A case study of Walker v. Farsijani
In Walker v. Farsijani1 (“Walker”), Peter Walker sought to recover $96,000 he claimed to have transferred to Maryam Farsijan (with whom he was in an intimate relationship at the time). Maryam refused to return the funds claiming that she had received the money as a gift. Peter said it was a loan.
Peter and Maryam were engaged in an extramarital affair. Peter claimed that his paramour began asking him for money incessantly after their first sexual encounter. First $60,000 then another $5,000. Then $16,000 for car repairs, cosmetic surgery, and household repairs, and then another $15,000 for a total of $96,000.
Peter claimed he advanced the funds to Maryam with the expectation of repayment, but conceded that there was no documentation, no discussion of an interest rate, and no discussion of a repayment plan.
Maryam testified that Peter commented on her physical appearance and told her that he would give her money to fix it. She claimed that Peter told her they were gifts and that she wouldn’t have accepted the money if they weren’t gifts, because she could never repay them.
Peter claimed that the relationship ended when Maryam told him that she was pregnant and that she wanted a relationship. When he said no, she demanded $1.2 million for an abortion or “there would be trouble”. Peter further claimed that Maryam admitted to him that the relationship had been a fraud from the beginning.
Maryam claimed that she took a pregnancy test which was positive and when she told the plaintiff she was pregnant, he assaulted her. She also claimed that her request for $1.2 million was not serious and she was just trying to force him to live with her.
The key legal question in this case was whether the funds advanced were a gift or a loan.
The Supreme Court of Canada’s decision in Pecore v. Pecore establishes a systematic approach to guide the court’s determination of whether such gratuitous transfers should be considered loans or gifts.
The Court’s legal analysis starts with the presumption of resulting trust, which is a rebuttable presumption of law and general rule that applies to gratuitous transfers. When a transfer is challenged, the presumption allocates the legal burden of proof. Thus, where a transfer is made for no consideration, the onus is placed on the transferee to demonstrate that a gift was intended.
The case law is also clear that common law relationships or romantic relationships do not give rise to a presumption of gift. Thus, in situations like the Walker case, the onus is on the recipient to establish on a balance of probabilities that the money that’s been transferred to her is a gift.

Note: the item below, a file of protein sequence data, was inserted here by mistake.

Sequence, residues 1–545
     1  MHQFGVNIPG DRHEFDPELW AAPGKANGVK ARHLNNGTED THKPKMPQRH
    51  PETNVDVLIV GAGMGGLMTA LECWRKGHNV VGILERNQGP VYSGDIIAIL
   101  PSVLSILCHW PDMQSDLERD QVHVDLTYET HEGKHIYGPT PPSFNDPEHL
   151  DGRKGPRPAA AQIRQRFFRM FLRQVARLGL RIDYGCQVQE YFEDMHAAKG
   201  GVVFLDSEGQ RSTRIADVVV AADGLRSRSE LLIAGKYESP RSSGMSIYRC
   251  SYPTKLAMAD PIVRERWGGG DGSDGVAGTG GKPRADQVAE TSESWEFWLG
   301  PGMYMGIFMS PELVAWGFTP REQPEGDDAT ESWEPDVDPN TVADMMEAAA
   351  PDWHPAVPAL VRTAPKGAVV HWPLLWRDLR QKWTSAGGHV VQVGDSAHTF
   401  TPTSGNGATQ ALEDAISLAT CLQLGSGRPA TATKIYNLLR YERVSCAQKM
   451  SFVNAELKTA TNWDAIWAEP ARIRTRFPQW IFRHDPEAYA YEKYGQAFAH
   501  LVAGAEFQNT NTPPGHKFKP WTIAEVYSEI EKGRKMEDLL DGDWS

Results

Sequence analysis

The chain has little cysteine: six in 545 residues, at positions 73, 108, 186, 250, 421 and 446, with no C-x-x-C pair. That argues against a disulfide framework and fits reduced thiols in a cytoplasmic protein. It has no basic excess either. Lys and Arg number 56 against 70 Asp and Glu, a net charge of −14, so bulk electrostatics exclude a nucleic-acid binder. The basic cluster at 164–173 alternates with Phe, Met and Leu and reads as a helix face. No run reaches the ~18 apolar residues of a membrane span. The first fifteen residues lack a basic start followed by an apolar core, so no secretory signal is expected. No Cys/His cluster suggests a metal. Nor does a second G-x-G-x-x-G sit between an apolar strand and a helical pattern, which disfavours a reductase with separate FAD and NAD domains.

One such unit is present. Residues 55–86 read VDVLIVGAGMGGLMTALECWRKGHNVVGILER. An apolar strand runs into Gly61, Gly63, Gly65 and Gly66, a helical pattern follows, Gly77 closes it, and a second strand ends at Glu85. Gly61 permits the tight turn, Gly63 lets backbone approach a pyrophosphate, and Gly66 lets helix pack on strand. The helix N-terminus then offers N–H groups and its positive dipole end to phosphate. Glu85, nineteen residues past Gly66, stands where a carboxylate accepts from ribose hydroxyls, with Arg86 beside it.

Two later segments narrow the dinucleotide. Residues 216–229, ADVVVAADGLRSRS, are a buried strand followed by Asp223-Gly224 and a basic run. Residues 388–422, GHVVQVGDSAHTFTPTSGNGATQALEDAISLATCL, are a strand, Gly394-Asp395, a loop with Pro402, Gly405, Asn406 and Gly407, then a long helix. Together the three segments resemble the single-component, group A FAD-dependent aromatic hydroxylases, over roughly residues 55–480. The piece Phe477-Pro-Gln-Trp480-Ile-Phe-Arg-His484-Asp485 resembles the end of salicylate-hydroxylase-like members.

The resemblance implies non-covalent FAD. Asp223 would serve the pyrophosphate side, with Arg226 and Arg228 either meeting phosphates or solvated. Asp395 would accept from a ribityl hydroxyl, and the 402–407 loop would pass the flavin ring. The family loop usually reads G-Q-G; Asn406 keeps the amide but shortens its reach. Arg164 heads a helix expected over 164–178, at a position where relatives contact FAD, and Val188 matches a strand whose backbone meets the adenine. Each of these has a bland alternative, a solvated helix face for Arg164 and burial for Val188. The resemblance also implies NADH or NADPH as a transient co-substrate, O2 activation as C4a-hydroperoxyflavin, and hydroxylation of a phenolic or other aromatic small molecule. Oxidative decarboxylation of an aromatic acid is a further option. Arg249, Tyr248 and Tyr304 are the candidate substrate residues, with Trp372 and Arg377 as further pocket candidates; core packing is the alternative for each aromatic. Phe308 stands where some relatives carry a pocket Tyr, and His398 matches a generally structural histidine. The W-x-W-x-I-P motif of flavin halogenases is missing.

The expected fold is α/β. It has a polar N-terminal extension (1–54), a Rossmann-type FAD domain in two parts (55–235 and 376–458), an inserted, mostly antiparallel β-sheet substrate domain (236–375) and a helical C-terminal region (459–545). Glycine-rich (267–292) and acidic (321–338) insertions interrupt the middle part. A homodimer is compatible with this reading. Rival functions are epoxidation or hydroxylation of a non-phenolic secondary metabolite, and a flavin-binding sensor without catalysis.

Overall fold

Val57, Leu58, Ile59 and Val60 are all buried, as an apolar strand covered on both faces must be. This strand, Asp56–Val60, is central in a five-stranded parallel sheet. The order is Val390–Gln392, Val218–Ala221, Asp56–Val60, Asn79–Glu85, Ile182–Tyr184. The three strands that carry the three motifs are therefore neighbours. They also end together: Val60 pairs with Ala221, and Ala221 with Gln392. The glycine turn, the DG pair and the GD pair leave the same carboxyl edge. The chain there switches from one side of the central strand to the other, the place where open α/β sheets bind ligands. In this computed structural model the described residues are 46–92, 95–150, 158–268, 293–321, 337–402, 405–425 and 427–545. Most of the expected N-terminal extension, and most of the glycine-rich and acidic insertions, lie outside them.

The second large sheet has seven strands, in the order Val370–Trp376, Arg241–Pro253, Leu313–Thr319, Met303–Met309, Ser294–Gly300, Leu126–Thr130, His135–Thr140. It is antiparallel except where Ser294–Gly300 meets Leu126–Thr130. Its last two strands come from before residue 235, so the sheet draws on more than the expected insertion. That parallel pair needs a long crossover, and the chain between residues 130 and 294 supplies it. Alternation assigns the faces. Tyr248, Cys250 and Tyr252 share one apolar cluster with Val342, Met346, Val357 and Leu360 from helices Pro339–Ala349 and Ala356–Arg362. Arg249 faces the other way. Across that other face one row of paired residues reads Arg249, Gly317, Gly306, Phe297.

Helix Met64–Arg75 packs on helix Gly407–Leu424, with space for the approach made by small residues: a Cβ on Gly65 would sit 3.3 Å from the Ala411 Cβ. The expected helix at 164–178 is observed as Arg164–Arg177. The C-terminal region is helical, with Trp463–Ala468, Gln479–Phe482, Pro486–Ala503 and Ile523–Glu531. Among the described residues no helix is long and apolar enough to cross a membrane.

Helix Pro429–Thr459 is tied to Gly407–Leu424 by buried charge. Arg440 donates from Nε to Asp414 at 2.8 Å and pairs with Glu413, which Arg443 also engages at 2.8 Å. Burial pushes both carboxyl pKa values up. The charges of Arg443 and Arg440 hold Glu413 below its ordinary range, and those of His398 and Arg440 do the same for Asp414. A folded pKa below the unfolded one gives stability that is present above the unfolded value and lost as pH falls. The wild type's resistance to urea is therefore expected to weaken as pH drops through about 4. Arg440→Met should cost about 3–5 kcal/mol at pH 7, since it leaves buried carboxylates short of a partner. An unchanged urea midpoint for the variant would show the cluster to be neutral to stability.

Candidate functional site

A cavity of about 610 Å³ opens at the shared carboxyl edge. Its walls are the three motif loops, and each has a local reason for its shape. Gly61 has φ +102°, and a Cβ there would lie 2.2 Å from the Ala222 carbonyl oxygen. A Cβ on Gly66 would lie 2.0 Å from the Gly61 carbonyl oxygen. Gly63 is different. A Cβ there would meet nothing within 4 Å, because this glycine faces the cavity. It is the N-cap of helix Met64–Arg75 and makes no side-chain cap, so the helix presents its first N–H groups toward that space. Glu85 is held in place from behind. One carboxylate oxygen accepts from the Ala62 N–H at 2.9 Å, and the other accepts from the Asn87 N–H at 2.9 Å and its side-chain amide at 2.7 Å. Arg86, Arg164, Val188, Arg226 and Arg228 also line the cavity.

The Walker Decision is a particularly apt demonstration of the ramifications of legal presumptions and onuses.
As the court explained in Walker citing Pecore, in paragraph 16, the presumption of resulting trust is a rebuttable presumption of law and general rule that applies to gratuitous transfers. …This is so because equity presumes bargains, not gifts.
At paragraph 24 of the Walker decision, the Judge explains,
“The onus is critical in this case. If the onus was on the plaintiff, I would have found that he had not shown that these transfers are loans. But the onus is on the defendant to show that these transfers were gifts. The defendant’s position rests on her testimony and the text messages. For reasons set out below, I cannot accept the defendant’s testimony as there are significant concerns with her veracity. I also find that the text messages are equivocal on the issue. The defendant has not met her onus”.
In other words, the Judge determined that the evidence was inconclusive, but because the defendant failed to discharge her onus of proving that the funds were a gift, the presumption of resulting trust governed and the advances must be assumed to have been a loan.
When people like Peter and Maryam enter into these types of relationships, transfer property or make promises, the last thing on their minds is the possible dissolution of the relationship. In the fog of romance they might feel it inconsistent to document what transpired to corroborate their narrative for their day in court. That’s where professional advisors, accountants, lawyers and family can play a role. When there is no proof, the presumptions rule.
- Walker v. Farsijani 2021 ONSC 5571. ↵
- For those interested in this topic, we refer you to the following blogs and articles: